Revolution and Counterrevolution: Change and Persistence in Social Structures

By Seymour Lipset Martin | Go to book overview

CHAPTER 11
Moisei Ostrogorski and the
Analytical Approach to the
Comparative Study of Political Parties

As soon as a party, even if created for the noblest object, perpetuates itself, it tends to degeneration. -- Moisei Ostrogorski

It is organization which gives birth to the domination of the elected over the electors, of the mandataries over the mandators, of the delegates over the delegators. Who says organizations says oligarchy. -- Robert Michels

Power tends to corrupt and absolute power corrupts absolutely. Great men are almost always bad men even when they exercise influence and not authority: still more when you add the tendency or certainty of corruption by authority. -- John Lord Acton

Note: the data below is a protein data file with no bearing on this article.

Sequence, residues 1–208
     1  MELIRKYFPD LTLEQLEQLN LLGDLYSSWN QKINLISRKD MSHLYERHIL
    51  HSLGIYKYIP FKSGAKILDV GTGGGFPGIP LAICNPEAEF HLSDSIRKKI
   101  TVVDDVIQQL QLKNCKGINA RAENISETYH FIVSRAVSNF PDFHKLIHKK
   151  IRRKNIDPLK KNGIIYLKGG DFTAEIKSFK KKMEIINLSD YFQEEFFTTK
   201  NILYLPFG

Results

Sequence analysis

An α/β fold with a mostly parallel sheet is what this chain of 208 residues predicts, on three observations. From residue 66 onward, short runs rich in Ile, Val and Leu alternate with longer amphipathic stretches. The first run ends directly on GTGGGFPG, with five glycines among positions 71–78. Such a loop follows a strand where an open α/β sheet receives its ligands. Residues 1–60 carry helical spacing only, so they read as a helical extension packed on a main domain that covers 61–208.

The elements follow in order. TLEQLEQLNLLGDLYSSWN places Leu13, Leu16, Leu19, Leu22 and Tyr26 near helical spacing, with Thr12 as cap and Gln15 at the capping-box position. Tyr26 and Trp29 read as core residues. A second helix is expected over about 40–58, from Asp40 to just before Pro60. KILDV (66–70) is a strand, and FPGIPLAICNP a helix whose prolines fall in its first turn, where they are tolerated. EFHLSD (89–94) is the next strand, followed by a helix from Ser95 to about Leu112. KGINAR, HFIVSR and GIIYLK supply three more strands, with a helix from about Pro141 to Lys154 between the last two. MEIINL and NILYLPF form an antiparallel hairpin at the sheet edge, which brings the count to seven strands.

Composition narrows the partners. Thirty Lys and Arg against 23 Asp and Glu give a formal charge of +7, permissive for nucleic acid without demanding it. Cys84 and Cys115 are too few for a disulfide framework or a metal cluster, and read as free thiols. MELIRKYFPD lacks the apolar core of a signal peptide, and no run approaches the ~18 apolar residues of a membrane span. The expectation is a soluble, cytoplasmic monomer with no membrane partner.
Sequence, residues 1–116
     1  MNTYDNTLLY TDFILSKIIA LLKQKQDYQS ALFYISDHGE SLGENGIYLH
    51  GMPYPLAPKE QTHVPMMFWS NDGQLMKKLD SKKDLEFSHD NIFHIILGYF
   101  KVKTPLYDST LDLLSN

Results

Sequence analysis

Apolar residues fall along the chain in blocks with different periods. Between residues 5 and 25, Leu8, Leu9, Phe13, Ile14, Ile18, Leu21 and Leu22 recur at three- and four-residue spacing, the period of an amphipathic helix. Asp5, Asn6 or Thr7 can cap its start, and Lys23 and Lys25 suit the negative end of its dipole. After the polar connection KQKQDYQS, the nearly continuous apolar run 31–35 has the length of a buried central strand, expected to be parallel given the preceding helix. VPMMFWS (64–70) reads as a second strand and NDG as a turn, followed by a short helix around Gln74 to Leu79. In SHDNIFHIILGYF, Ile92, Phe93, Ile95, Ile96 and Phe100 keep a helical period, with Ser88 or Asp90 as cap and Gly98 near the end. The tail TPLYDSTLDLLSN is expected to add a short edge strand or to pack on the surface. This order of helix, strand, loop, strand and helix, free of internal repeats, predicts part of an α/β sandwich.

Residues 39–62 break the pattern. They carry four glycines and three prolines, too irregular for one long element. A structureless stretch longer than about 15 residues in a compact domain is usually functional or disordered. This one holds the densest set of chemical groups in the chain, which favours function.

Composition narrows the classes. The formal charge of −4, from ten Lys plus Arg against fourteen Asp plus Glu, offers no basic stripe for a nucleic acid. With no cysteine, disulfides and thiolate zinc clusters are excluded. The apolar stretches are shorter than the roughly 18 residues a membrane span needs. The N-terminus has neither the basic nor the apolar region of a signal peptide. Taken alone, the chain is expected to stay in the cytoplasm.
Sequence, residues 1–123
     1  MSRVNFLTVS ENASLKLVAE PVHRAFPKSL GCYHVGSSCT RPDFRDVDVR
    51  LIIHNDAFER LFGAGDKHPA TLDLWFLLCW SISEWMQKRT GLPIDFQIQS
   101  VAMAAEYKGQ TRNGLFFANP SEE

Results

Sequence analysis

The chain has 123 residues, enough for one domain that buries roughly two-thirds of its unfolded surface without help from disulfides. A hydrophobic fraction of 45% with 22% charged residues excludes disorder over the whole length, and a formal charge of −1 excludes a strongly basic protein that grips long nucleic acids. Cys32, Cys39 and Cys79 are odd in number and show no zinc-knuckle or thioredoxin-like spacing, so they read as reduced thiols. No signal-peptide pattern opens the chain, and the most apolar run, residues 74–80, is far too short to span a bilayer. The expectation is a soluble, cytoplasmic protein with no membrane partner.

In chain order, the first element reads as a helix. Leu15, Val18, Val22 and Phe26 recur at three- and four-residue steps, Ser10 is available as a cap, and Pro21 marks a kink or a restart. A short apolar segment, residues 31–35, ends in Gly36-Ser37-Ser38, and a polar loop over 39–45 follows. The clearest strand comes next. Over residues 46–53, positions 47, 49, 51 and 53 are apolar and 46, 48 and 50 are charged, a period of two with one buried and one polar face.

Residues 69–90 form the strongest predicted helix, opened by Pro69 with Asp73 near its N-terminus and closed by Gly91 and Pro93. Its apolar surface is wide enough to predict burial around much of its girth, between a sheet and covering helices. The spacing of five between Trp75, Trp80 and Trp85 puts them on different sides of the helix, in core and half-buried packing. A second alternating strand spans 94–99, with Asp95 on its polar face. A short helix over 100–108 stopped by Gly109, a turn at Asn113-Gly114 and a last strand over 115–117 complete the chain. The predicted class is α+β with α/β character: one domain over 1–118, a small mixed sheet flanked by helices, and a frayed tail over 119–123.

It is an interesting commentary on the state of political life that the three men quoted above have won increasing reputations as prophetic and brilliant analysts largely as a result of the popularization of statements such as these. A world that saw a war "to make the world safe for democracy" end with the destruction of the opportunities for democracy first in Russia and then in Italy, that witnessed the triumph of Nazism and the transformation of Bolshevism into totalitarianism, and that since World War II has observed the emergence of one-party regimes with little respect for the rule of law in many of the new nations of Asia and Africa has been ready to re-examine the assumptions of rational democrats that democratic politics can lead to humane and moral ends. Pessimism, rather than optimism, about the uses of power has become increasingly prevalent. Many socialist movements have questioned and rejected their historic commitment to resolve social and political problems by a drastic increase in state

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